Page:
When I was 26, I got engaged to a girl who worked in the mental health field. We were living together, but I was working away and coming home smashed virtually every day. One day, I came home to find her in bed with my best mate. They’d been doing it for three months. I was devastated to find out what was going on and immediately broke off with her. From that moment, I lost respect for women, life and money, and it was a long time before this respect was restored.
I gave up my job and drank and drugged away the payoff money. I was completely lost, just not knowing what to do or how to cope with the situation. I went home to Mum’s and then stayed with a relative in Northern New South Wales. He stole from me and I returned the favour by leaving with two eight balls of his speed. I hitchhiked to Newcastle, constantly snorting the stolen drug.
I was now out of money, out of drugs, resorting to smoking cigarettes butts from the street. I hitchhiked up to Brisbane with a guy who I’d met. An initial job opportunity fell through, but I got offered a job as a bar tender/waiter on Lindeman Island, an island off the Great Barrier Reef. I was on my way to paradise, in more ways than one.
I spent the next nine months drinking, partying and going to work smashed. I would steal large casks of wine and drink these for breakfast, lunch and dinner. I started smoking dope and eventually found a supply of speed on the island. I just wish I had been straight to have enjoyed the area.
I spent most of my drinking time on my own. I was worried about embarrassing myself in company because I would get really ‘****-faced’ and make a fool of myself. The only way I would socialize was if I had been taking speed.
Eventually, I got sick of this life and decided to move on. The company wouldn’t let me leave and I had to work at getting the sack. I left Mackay, spent most of the money on drink and drugs and a ticket to Melbourne. I was back on benefits in the city.
I met up with another heavy drinking friend and we decided to hitchhike to a working hostel he knew in Barmera in South Australia. I was on the move again, not capable of staying long in any one place. Along the way, in the middle of the bush, we found a large bag of dope, the size of a Coles’ shopping bag. All our Christmas’s at once! We were then picked up by a hippie and not long after stopped by the cops. We were bricking it, convinced we would be searched. We weren’t.
I ended up staying in the hostel in Barmera for eight months, working in the orchards and various farms. I joined the backpacking culture of drinking and drugging. In fact, I was the perfect teacher for all those people from abroad who wanted to be part of this Aussie way of life. At lunchtime, we would often go to a bottle shop and purchase bottles of tequila and vodka, and get ourselves smashed whilst picking oranges. I was sleeping with lots of women, showing them no respect at all.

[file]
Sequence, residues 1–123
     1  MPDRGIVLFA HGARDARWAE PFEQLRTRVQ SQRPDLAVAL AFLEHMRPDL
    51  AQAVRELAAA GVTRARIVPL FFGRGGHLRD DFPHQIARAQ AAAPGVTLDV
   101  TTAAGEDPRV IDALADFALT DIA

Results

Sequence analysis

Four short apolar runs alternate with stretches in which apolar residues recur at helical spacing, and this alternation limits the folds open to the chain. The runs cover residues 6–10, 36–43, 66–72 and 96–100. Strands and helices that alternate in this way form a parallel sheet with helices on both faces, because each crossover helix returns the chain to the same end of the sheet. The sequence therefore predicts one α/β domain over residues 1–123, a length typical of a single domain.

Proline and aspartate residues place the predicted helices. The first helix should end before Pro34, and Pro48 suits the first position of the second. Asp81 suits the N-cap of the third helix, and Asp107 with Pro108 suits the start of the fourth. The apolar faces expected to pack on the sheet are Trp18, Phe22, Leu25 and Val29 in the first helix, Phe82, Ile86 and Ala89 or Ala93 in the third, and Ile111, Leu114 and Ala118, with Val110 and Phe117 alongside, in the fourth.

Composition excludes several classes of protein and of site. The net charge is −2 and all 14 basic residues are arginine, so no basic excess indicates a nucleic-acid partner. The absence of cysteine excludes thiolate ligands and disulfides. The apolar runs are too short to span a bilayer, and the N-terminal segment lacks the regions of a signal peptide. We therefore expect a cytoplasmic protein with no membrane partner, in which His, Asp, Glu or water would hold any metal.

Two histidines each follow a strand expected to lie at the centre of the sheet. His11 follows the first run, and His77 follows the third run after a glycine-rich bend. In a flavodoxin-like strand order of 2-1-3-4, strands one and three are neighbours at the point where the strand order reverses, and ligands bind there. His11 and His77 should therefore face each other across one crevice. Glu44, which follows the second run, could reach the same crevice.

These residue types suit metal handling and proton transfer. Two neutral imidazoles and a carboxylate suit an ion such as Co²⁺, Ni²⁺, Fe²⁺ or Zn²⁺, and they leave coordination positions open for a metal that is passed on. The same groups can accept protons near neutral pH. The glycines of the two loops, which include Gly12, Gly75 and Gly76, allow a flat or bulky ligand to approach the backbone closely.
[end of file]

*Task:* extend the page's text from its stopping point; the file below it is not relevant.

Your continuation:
I met a UK girl who wanted to visit Perth. We travelled to Perth on the Indian Pacific railroad. We then went down to Albany to do some woofing, basically working for our accommodation. We worked on an organic farm, a place where there was plenty of wine to drink. I was just very good at hiding my drunken state when working.
The English girl I was with left because she thought I was sleeping with someone else, and after three months the people in Albany helped me to link up with someone in Perth. He was an American, whom I soon learnt was not only running a brothel, but had also overstayed his welcome in Australia. Immigration officials came to drag him away, leaving me ‘in charge’ of his apartment, and his large supply of booze and drugs. It was like Christmas again. I left his apartment when I had finished his supply. I went and stayed with the Salvation Army in East Perth until I burnt that bridge too, having failed to pay any rent.
Avoiding the consequences
I got a job as an arborist (tree surgeon) and linked up with Peter, who was a speed freak. In fact, a number of the arborists who I worked with loved their speed. I moved into a house in Thornlie with Peter and Kerry, who also had a drug problem. Peter knew ‘respectable’ dealers so we got high quality speed at a very decent price. We were still spending $400 a week on the drug.
On Friday night, we would start injecting speed and would continue until Sunday afternoon. I was active all the time during the day, tending the plants in our garden (I loved my orchids), mowing the lawn, fishing, and going for long walks. I always had to be doing something, as I would get bored otherwise. I would smoke dope and drink from Sunday afternoon in order to come down from the speed. Would only start eating on the Sunday afternoon. I would wake up feeling awful on Monday morning.
I generally would not use speed during the week, but if we did we would be really activated and finish off a tree really quickly. The boss, who was not a user, would sometimes comment on how much we’d done and ask what we were on! I’d drink and smoke dope throughout the week. This routine continued for the six months I lived in Thornlie.
During this time, I also met and became good friends with Brendon Humphries of the Fremantle band Kill Devil Hills. I was invited to their gigs but always drank too much and never remembered the end of gigs. Brendon always ended up having to take me home and next day I would have to remember where I had parked the car. Brendon was always trying to get me to cut down on the speed, but with no success.